Caregivers often feel like they don't have enough time in the day, but failure to plan for winter storms can lead to additional challenges and increased caregiver stress. An added factor this year? Forecasts predicting that many regions of the country may have a particularly snowy winter ahead for 2017. But caregivers don't have to be at the mercy of bad weather. These five tips for caregivers will help keep seniors safe when winter weather strikes.
1. Know What's Coming
You can't adequately prepare for a storm if you don't know it's headed your way. Forecasting technology is better today than ever, but the most sophisticated weather prediction is useless if you're not using it. Routinely checking the forecast online or watching the news can help you stay ahead of winter weather.
2. Stock Up
Because grocery stores are likely to be swarmed with people on the night before a big storm, avoid the crowds by stocking up on batteries, food, water, and other supplies well in advance of bad weather's arrival.
Also, keep in mind that you may not be able to get to the store or pharmacy if a storm causes roads to become impassable. Make sure that you have all medical supplies on hand and prescriptions filled when the forecast calls for severe weather. If you do get caught without, check in with your local supermarket -- many do offer delivery service for customers.
3. Plan for Power
If a storm is coming, you have no control over whether or not you'll lose power. While generators are a useful solution, they're not always part of the equation. If you are caring for a senior who is oxygen-dependent, inform your power company, which may be able to offer you priority service or a generator loan. If you rely on an alternate heating source when the power is out, make sure the carbon monoxide alarm is operational.
Make sure all cell phones and laptops are fully charged in case your landline becomes inaccessible. Have contact information on hand for your aging loved one's doctor, the police, and the fire department.
4. Keep Seniors Warm
Seniors are particularly susceptible to cold due to a number of factors including thinner skin, hypothyroidism, arthritis, and other chronic health conditions. Additionally, some medications can make it harder for seniors to stay warm.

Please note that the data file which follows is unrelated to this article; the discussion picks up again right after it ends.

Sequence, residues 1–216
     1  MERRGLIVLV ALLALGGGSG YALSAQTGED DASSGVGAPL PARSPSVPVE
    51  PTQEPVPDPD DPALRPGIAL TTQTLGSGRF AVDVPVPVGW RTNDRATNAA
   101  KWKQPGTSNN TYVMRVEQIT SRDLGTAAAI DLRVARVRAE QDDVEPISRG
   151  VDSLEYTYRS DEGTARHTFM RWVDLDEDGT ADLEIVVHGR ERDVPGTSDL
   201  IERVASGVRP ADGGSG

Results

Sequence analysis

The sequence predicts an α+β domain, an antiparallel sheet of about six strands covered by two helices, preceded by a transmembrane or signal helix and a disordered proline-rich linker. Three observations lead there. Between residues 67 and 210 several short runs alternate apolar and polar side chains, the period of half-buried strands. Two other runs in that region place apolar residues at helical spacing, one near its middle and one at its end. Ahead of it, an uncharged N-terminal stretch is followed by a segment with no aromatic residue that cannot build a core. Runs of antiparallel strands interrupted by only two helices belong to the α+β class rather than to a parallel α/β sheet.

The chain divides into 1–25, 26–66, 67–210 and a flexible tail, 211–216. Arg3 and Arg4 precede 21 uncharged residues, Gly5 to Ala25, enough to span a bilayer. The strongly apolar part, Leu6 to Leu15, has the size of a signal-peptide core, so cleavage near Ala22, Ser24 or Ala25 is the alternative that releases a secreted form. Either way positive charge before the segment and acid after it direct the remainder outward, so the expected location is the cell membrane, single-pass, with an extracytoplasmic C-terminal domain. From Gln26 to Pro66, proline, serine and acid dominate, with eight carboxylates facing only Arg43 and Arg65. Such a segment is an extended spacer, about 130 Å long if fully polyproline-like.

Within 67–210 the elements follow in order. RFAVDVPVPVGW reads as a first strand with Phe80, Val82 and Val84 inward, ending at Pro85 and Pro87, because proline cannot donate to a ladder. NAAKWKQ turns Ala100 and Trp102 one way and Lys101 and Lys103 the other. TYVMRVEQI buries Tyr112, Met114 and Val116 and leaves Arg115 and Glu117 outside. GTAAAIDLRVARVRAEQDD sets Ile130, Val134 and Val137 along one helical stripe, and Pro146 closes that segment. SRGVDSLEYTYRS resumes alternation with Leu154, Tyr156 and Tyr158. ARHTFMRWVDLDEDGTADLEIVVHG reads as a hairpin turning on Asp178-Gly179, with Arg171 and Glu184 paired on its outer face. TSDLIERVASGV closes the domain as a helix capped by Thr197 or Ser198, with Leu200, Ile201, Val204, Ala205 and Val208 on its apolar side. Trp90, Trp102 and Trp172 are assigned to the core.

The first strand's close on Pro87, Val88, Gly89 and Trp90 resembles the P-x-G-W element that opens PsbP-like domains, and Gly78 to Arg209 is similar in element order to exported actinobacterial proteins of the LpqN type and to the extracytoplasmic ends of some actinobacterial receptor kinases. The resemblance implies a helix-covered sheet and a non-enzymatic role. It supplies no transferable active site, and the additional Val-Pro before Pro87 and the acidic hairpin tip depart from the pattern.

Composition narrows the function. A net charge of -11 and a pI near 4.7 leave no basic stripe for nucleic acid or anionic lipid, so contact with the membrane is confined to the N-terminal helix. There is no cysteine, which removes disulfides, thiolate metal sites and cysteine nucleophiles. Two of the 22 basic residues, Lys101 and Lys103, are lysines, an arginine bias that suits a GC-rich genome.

The National Institute on Aging recommends setting the thermostat at 68 degrees in order to help keep seniors comfortable while preventing hypothermia. Space heaters can also be used as a complement to the furnace, but be sure to closely follow the manufacturer's safety guidelines to reduce the risk of fire.
Caregivers can also help by keeping watch for signs of hypothermia, including sleepiness or confusion; slowed or slurred speech; shallow breathing; a weak pulse; behavioral changes; and poor control over body movements. Shivering may or may not be present. If you do suspect that your aging loved one is suffering from hypothermia and his/her temperature falls to 96 degrees or below, call 911.
If you do lose power, having extra clothing and blankets on hand can help keep seniors safe and warm. Seniors should also be advised to stay inside in extreme cold, snow and ice to help prevent hypothermia as well as fall-related injuries.
5. Have Transportation Covered
With proper planning, seniors and caregivers should be able to hunker down during a storm until it passes. If you or your aging loved one do have to venture out, make sure to bundle up in proper clothing: hats, coats, scarves and breathable layers offer protection from the cold without causing overheating.
Also, arrange in advance for snow removal services, and make sure your vehicle is outfitted with an emergency kit. Not sure what to include? Consumer Reports has prepared a handy list of essential gear for winter weather car travel.
While winter weather is a fact of life, winter weather-related stress doesn't have to be. These five tips can help caregivers plan and prepare for whatever Mother Nature sends their way this season.
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